I never heard from them again, nor were they contactable.
Post Office refuse to co-operate with police
Meanwhile, angered at the way the investigation was being conducted – and by now deeply suspicious of their motives (network re-invention was underway at the time) – I approached the local police asking that they investigate, supplying them with a comprehensive background and log of events.
They contacted me a few days later apologetically explaining that although they were happy to help, the Post Office were unwilling to co-operate. Not only that, they spelled out to the police that they had their own autonomous investigative structure which included power of arrest & charge.
As the months then drifted by, the prospect of re-opening my branch became unrealistic – my customers/clients etc had been hoovered up by other offices and the retail side was nothing without the footfall.
The shop became derelict and a target of vandalism – also ineligible for insurance.
I recall one incident when Fiona needed to visit the shop after the alarm had been triggered. Whilst boarding up a broken window she was spat on by a former customer. This was witnessed by her two little boys. Charming!
Not long after that I sold it for a pittance.
I did continue to fight my corner however – mainly from the perspective of not being allowed to keep my office open for business. With the help of the National Federation of Subpostmasters – and under the auspices of ‘punishment over-kill’, the Post Office eventually caved and in 2007 I was offered an £88,000 redundancy payment (from which, of course, they deducted £30,000). Every penny of the balance went toward the outstanding mortgage on the shop.
In the meantime Post Office had ‘kindly’ informed the local press of the office closure and my resultant suspension.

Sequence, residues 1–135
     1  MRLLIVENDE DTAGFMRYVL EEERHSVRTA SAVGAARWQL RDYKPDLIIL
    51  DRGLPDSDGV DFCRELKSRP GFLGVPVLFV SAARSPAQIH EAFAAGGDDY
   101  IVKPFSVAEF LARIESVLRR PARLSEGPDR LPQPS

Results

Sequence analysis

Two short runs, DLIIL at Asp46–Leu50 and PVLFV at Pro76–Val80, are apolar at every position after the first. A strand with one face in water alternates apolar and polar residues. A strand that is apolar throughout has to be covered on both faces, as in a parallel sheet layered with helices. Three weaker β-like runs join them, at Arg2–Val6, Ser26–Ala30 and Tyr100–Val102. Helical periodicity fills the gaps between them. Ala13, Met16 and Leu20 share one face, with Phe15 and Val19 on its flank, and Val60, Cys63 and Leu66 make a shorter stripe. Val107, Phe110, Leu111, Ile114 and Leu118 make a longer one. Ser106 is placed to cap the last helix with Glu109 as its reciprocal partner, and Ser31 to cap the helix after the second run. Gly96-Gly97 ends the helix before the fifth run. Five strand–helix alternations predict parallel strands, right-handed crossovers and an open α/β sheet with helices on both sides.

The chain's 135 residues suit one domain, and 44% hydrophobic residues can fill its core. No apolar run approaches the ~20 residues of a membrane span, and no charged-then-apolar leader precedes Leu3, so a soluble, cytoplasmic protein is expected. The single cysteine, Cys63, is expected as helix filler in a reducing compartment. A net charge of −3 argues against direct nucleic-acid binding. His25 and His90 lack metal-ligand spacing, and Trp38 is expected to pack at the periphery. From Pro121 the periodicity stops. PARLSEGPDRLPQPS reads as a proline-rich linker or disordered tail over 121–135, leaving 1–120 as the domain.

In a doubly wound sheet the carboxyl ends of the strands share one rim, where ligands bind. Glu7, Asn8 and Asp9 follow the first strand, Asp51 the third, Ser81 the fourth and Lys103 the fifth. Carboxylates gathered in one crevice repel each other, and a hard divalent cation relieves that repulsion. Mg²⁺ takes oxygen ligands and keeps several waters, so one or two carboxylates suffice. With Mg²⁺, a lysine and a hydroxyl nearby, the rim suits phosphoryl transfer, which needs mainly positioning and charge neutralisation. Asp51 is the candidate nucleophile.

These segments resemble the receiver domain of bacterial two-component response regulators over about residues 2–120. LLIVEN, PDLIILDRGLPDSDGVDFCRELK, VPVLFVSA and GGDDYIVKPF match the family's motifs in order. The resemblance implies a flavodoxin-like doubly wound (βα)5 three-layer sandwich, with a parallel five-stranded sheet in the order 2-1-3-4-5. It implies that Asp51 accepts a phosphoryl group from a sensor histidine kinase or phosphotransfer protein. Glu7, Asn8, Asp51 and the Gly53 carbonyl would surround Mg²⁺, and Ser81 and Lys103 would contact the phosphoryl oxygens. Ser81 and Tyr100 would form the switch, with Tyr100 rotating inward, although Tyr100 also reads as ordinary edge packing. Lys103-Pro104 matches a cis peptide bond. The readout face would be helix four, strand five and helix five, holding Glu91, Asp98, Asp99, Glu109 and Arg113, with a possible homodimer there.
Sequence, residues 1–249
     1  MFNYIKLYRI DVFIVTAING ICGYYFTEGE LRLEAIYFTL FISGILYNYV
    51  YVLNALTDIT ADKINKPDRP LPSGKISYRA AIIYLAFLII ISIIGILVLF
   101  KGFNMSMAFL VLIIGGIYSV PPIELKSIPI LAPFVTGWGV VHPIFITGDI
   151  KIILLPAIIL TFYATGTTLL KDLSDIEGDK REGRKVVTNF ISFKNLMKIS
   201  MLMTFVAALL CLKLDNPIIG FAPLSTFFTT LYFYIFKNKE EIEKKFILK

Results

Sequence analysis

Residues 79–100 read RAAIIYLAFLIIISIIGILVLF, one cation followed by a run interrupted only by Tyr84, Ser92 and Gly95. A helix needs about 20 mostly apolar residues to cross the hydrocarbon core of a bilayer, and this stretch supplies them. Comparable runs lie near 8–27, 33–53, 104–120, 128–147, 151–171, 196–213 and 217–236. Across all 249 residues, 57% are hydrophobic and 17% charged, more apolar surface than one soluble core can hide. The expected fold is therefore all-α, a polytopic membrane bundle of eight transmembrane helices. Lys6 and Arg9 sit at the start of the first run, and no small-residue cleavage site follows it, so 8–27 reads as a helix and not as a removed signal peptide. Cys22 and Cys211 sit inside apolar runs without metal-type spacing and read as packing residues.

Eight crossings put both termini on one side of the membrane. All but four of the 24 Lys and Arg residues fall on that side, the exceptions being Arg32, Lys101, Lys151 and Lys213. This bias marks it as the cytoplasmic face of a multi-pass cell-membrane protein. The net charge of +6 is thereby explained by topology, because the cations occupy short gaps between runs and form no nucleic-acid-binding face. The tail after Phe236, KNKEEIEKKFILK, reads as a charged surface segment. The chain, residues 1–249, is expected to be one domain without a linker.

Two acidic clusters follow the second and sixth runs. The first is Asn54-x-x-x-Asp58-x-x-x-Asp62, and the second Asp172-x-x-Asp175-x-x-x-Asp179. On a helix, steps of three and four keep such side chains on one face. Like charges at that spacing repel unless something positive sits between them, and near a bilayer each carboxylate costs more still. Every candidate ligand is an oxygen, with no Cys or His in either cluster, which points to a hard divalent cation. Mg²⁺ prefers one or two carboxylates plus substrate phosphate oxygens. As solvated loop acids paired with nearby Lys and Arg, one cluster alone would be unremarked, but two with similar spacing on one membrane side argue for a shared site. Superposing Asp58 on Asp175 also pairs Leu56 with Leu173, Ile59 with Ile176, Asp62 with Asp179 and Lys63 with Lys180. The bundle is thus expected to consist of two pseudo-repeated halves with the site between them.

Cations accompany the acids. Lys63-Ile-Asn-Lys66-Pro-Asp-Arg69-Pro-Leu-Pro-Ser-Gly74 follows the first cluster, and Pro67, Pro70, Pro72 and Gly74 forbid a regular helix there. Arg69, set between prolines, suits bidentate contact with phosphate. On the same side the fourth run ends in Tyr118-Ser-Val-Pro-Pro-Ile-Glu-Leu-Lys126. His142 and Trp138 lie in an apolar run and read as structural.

Word got around, as it does, and in 2008 when a fresh contract with Shell was due for renewal I was subtly and informally advised ‘not to bother’. That’s the way they worked.
Anything verging on ‘dodgy’ was a complete no-no with Shell, even after a 14 year blemish-free partnership. I was even training their company-owned site managers for them.
I was a damaged man that’s for sure. I’d now lost my main source of income, my post office was gone and the economic collapse of 2008 meant my little property portfolio had all but evaporated, as had the Cash Converter.
Overdose and death
But it was nothing compared to that suffered by my wife.
She was a dynamic woman – full of energy with a strong work ethic (and a good heart), and she genuinely enjoyed her job.
Sadly she also suffered sporadic bouts of black depression, brought on by a dreadful experience as a child. Three or four times a year it would hit her, and each time it would be for a three or four day stretch. It could be truly awful.
Generally she could work through them, and her post office duties were good for her in that respect, as was her beautiful garden.
Now suddenly she was unemployed. Not only that, it dawned on her that she was now probably ‘unemployable’ due to the criminal charge hanging over her – she would be too honest not to mention it at job interview.
She also felt terribly betrayed by Brenda , whose friendship she greatly valued. She believed what the Post Office investigators had told her…that one of us was a thief….and she knew it wasn’t us!
Without going into detail Fiona eventually succumbed to her mental illness and spiralled downwards into what she called her ‘cauldron of misery’.
She passed away in her sleep on 21 January 2009 after accidentally over-dosing on her medication.She was 47.
I have no doubt in my mind that the horror of that whole Post Office fiasco was a major factor in her death.
What’s more, I found out years later via a freedom of information requests that the criminal charges against her had been dropped years before – while she was still with us.
The Post Office did not even have the courtesy or decency to inform her.”
The Post Office have told me they will not comment on individual cases whilst the group litigation is ongoing.